Growth in China's foreign direct investment (FDI) is expected to quicken to around 4 percent in 2015 from the previous year on government efforts to improve its investment environment, the country's Commerce Ministry said.
Growth in China’s foreign direct investment (FDI) is expected to quicken to around 4 percent in 2015 from the previous year on government efforts to improve its investment environment, the country’s Commerce Ministry said.
China’s FDI may hit an all-time high of $125 billion this year barring no sharp changes in the external environment, the official Xinhua news agency quoted Vice Minister of Commerce Wang Shouwen as saying.
FDI in China rose just 1.7 percent in 2014, the slackest pace since 2012, even if the investment value hit a record high of $119.6 billion.
Slower growth underscored a cooling economy which is spurring more Chinese firms to plough money into assets overseas in a trend that is soon set to overtake inbound investment.
But Wang conceded that China’s FDI still faces challenges this year due to external headwinds.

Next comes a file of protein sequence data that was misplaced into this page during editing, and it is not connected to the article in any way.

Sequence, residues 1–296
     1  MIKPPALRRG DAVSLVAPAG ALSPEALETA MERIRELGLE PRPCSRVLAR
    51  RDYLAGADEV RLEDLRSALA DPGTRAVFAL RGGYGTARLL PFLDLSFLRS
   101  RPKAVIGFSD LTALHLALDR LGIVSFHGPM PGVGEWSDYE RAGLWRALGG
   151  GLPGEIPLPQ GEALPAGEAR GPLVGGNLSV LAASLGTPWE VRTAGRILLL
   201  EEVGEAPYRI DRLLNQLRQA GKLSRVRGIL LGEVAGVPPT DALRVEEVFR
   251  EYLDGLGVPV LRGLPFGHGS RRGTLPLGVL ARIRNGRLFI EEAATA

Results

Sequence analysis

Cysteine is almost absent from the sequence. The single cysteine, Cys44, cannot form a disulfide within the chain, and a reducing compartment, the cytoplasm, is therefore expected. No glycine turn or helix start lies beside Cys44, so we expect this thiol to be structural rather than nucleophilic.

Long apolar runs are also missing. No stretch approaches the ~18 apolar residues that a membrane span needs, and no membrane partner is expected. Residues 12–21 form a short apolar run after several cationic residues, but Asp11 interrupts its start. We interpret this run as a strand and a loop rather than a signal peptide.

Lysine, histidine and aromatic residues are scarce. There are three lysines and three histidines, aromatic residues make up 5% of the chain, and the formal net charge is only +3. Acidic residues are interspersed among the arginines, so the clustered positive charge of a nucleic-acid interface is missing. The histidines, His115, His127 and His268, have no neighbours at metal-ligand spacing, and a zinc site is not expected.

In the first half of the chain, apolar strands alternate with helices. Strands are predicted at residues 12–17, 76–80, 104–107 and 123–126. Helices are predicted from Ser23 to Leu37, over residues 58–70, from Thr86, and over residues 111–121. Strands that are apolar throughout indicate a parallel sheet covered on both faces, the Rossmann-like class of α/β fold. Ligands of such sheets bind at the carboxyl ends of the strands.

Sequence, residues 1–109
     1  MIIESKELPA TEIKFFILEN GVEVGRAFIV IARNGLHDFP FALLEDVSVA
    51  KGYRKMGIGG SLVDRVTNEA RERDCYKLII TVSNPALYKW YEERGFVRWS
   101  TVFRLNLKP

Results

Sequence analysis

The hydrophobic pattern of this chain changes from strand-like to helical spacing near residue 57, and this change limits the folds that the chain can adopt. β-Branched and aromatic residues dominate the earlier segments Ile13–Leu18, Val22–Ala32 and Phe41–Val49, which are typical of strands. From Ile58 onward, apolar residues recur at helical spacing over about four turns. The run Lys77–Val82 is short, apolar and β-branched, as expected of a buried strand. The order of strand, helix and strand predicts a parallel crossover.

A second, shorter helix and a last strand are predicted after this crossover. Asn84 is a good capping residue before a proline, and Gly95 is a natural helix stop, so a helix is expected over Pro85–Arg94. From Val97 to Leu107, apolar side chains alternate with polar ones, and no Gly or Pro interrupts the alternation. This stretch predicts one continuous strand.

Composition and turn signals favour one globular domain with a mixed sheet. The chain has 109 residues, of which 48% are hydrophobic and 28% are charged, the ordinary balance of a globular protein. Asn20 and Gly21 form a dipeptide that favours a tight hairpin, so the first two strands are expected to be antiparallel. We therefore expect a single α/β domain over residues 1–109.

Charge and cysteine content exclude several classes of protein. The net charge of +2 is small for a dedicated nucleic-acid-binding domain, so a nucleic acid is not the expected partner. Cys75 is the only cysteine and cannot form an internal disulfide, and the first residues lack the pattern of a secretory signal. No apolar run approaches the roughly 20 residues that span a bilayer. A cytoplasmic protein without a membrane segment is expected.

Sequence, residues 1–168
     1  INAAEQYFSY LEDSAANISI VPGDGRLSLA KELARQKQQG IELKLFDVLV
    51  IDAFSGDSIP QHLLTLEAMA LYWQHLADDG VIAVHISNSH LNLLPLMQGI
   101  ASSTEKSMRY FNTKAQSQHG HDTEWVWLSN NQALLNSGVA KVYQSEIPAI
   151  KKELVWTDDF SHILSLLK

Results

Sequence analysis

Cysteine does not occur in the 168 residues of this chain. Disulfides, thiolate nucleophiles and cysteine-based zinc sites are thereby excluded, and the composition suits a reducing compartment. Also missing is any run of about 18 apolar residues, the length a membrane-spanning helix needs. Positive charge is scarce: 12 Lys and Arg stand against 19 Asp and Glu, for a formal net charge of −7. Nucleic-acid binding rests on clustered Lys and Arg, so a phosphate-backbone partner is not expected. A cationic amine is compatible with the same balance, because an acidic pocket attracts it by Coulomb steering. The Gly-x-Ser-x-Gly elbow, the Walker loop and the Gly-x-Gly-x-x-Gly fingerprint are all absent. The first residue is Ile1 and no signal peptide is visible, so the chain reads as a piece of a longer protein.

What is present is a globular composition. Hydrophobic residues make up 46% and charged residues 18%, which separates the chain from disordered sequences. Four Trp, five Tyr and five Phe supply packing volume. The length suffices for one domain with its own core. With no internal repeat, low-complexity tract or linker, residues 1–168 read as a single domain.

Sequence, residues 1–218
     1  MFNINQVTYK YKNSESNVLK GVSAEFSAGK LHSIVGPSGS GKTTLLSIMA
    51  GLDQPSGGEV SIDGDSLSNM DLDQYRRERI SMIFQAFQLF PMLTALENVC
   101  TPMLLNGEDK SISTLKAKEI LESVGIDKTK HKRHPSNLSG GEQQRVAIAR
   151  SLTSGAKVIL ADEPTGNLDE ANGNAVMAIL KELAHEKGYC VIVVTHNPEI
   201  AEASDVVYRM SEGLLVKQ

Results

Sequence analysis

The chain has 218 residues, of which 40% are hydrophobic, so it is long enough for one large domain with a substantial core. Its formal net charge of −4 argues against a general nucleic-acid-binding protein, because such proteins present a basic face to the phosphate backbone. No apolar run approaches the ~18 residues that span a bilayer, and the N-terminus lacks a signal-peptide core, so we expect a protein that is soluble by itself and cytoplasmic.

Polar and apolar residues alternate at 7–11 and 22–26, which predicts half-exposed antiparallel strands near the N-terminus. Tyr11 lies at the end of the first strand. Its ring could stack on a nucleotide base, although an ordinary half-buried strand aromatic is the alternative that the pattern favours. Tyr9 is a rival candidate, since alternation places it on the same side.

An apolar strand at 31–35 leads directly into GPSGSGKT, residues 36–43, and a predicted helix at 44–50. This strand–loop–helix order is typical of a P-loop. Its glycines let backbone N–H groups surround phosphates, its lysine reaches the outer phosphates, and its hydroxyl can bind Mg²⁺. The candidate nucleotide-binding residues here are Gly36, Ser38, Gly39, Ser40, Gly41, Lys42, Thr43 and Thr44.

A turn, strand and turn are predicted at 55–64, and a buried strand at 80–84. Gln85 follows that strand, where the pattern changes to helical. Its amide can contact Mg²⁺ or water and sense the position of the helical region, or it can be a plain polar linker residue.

“Due to sustained weakness in the global economy, a slow economic recovery in main investors’ countries and the tapering of the United States stimulus programme, China’s FDI still faces tough external situation in the second half of this year,” Wang said.
FDI in the first six month in China rose 8 percent to $68.4 billion from a year earlier, Wang added.
FDI is an important gauge of the health of the external economy that sustains China’s vast factory sector, but is a small contributor to overall capital flows compared with exports, which were worth $2.3 trillion in 2014.
The ministry is expected to announce monthly investment figures for June on Tuesday.
On Friday, Wang had said China’s FDI inflows rose 8.0 percent in the first six months from a year earlier, but no breakdown was given for June.